Previous research that included educational interventions for breast cancer patients was conducted while women were undergoing treatment. This study, however, involved women whose treatment had ended, when patients were trying to return to their daily routines. The paper also focused on women younger than 50, an age group that is more likely to suffer emotional distress as a result of their illness.
"These are women who had gone through some combination of surgery, radiation and chemotherapy and then were told by their doctors 'OK, your treatment is over, it's time to try to go on with your life.' These women experience anxiety. They wonder about their cancer," said Michael Scheier, head of the Department of Psychology at Carnegie Mellon and the study's lead author.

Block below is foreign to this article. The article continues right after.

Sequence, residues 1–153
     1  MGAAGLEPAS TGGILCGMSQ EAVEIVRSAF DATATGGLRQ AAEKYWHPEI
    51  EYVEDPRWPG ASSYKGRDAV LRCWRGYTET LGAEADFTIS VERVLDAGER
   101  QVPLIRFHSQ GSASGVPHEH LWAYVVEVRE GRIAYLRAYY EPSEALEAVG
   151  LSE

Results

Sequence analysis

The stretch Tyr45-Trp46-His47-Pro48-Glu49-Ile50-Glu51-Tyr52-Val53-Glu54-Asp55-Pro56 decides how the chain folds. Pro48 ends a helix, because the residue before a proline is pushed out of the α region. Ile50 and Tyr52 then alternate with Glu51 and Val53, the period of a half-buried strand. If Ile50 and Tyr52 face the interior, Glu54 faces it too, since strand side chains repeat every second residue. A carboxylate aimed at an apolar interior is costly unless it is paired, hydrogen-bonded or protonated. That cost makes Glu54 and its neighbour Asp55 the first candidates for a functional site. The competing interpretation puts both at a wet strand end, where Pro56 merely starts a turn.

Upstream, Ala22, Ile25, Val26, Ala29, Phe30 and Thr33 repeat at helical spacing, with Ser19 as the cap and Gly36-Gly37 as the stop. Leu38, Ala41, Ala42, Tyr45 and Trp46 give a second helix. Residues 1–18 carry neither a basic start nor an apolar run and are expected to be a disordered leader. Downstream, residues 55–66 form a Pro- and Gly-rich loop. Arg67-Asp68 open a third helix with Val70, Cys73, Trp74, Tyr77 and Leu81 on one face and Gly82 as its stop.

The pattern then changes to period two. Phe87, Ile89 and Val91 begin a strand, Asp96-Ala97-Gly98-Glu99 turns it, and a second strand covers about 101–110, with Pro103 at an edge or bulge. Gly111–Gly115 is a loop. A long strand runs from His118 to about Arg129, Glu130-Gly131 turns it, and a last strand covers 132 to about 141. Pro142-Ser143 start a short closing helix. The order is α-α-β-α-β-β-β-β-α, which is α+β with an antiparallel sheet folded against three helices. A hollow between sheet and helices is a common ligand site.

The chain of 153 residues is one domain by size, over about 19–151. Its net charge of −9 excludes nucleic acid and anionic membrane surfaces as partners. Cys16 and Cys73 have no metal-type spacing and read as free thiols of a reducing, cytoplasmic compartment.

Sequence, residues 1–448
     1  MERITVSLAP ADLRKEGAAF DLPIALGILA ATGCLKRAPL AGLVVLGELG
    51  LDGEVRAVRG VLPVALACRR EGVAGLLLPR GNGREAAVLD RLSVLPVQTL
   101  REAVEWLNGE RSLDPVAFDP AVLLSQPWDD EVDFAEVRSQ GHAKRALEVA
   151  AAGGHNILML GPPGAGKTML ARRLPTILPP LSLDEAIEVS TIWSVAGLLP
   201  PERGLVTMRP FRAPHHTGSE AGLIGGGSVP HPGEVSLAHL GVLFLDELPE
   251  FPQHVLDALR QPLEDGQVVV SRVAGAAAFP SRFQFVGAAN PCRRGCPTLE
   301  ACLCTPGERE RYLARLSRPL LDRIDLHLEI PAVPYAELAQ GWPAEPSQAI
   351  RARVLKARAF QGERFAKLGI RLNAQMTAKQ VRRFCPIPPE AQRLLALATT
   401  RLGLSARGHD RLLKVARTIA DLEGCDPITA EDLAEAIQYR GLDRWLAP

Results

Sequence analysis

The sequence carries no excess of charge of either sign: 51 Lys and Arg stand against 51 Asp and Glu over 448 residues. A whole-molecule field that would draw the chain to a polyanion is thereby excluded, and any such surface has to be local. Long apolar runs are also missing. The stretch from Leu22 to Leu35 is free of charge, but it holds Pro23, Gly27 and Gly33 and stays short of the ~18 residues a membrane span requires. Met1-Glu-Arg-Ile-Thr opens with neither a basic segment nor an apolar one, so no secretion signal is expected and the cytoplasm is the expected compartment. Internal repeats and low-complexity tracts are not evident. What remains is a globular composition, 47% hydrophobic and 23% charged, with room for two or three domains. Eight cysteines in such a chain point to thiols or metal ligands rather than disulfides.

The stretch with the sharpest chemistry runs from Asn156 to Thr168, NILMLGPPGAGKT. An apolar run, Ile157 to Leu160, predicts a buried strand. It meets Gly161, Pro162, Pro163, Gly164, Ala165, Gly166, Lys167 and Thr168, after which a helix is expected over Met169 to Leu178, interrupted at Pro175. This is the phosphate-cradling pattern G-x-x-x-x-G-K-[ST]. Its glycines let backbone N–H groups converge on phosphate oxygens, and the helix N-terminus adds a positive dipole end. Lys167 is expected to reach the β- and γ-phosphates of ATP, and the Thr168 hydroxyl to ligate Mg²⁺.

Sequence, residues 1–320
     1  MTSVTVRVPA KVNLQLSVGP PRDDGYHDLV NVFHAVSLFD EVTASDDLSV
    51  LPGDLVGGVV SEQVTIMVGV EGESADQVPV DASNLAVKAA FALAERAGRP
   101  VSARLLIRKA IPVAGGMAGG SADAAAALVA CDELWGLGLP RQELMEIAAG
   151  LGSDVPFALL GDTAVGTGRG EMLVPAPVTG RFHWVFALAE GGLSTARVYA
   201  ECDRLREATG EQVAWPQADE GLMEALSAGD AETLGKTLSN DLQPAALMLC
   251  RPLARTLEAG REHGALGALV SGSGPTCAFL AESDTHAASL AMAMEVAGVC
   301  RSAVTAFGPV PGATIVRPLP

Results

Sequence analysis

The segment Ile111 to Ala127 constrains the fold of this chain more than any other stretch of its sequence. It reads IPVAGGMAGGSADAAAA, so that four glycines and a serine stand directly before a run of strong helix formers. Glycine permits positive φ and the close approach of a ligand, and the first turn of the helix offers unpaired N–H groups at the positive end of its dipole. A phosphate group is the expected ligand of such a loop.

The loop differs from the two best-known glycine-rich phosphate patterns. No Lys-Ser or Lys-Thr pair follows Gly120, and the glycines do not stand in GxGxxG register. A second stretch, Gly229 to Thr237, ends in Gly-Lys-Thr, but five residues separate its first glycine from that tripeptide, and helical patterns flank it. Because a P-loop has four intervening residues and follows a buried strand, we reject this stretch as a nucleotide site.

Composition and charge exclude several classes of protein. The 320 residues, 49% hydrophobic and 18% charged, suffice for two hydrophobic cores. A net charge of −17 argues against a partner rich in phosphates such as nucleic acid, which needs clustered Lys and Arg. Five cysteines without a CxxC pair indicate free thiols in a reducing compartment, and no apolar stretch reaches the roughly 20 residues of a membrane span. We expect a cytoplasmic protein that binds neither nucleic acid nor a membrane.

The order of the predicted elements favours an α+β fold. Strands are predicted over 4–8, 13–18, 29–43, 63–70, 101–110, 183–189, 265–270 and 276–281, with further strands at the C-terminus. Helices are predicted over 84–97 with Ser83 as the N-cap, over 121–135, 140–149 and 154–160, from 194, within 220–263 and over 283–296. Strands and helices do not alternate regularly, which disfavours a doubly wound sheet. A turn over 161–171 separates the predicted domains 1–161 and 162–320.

The researchers followed the experiences of 252 women beginning two months after the completion of their treatment. The women were divided into three groups. One group received no interventions. The second attended four educational sessions that covered topics including talking to children about cancer; maintaining a healthy relationship with their partners; the impact their treatment has on their reproductive health; and the genetics of cancer. The third group received information about maintaining a healthy diet, including shopping and cooking tips.
Based on surveys of the study participants, the women who received either the educational or nutritional intervention were less likely t
Contact: Jonathan Potts
Carnegie Mellon University